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Rumor Roundup: Was keeping Kesler a wise move by the Canucks?

The Vancouver Canucks’ unwillingness to move center Ryan Kesler by last week’s trade deadline generated almost as much attention as the deals involving other notable stars.
The Hockey News

The Hockey News

The Vancouver Canucks’ unwillingness to move center Ryan Kesler by last week’s trade deadline generated almost as much attention as the deals involving other notable stars.

It was rumored Canucks’ owner Francesco Aquilini refused to allow GM Mike Gillis to trade Kesler. Gillis quickly denied it, claiming he didn’t receive sufficient offers for the 29-year-old center. The asking price was a young center, an elite prospect and a first-round draft pick.

Tony Gallagher of The Vancouver Province reported there was six clubs Kesler would waive his no-trade clause for, but three were out of the bidding or had no interest. Gallagher also claimed the Canucks weren’t interested in an offer of Brayden Schenn from the Philadelphia Flyers. CSN Philly’s Tim Panaccio cited sources claiming the Flyers were simply trying to drive up the asking price for the Pittsburgh Penguins, who were also pursuing Kesler.

Penguins GM Ray Shero admitted to making enquiries, but he didn’t think there was a deal to be made. Rob Rossi of the Pittsburgh Tribune-Review reported the Penguins offered up center Brandon Sutter, first- and third-round picks, plus the Canucks’ choice of any defense prospect other than highly touted Derrick Pouliot. Refusing to part with Pouliot was the deal breaker.

The Los Angeles News’ Lance Pugmire reported the Anaheim Ducks also had interest in Kesler. The Canucks apparently didn’t want to move the center to a Western Conference rival, believing they can get better offers at the NHL draft in June. Kesler was also linked to the Chicago Blackhawks, but GM Stan Bowman denied being among the bidders.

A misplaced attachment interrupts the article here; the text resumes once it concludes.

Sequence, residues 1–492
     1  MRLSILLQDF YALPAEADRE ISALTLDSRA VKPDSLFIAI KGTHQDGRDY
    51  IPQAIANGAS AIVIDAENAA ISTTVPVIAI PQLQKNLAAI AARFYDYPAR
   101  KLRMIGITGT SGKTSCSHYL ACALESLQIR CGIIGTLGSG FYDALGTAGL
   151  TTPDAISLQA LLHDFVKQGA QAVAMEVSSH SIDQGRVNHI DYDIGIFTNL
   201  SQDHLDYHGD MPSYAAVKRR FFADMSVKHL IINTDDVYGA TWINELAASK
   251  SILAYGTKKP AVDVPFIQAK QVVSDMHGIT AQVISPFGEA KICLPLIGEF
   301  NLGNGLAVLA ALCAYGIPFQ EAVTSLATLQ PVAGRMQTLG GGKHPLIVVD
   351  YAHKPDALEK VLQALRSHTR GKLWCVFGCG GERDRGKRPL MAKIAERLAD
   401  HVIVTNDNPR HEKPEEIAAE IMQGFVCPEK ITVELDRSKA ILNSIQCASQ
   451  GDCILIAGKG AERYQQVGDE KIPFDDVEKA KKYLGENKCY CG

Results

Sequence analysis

Gillis’ critics slammed him for not moving Kesler on deadline day, suggesting having an unhappy key player on the roster would hurt the already-struggling Canucks down the stretch. They fear Gillis’ desire for a better return will suffer the same fate as his failed efforts to trade goaltender Roberto Luongo last year.

In this case, however, Gillis chose the right course of action. Unlike Luongo – who was carrying a lengthy, expensive contract into a season where the salary cap was artificially lowered – Kesler has only two more seasons remaining on his deal. The salary cap is projected to rise next season, to between $68 and $71 million, providing interested clubs with additional space to take on Kesler’s annual $5-million cap hit.

Like Luongo, Kesler’s no-trade clause significantly limits where Gillis can send him, as well as the quality of the offers. If Kesler has only six preferred destinations, and half remain uninterested or unwilling to meet Gillis’ asking price, the task of moving him becomes more difficult. Rather than repeat his blunder with Luongo, however, Gillis could be willing to bend for a decent return.

The Penguins are expected to remain among the bidders for Kesler. Shero reportedly wants to bring back his “Big Three” formula at center, with Kesler on the third line behind Sidney Crosby and Evgeni Malkin. The Ducks could also revisit their interest, hoping to outbid the Eastern clubs.

It’s unlikely the New York Rangers will be among those Eastern teams. Prior to the trade deadline, Larry Brooks of the New York Post reported the Rangers expressed interest, but Kesler won’t waive his clause to join them. There was no explanation, but it could be Kesler takes a dim view on reuniting with former Canucks’ coach Alain Vigneault.

The Kesler trade saga will certainly carry over into the off-season. Speculation over his status will resurface once the Canucks season is ended, ramping up prior to the NHL draft weekend in late-June. Gillis badly handled his efforts to move Luongo. He must avoid the same mistakes with Kesler.

Rumor Roundup appears regularly only on Lyle Richardson has been an NHL commentator since 1998 on his website,, and is a contributing writer for Eishockey News and The Guardian (P.E.I.).

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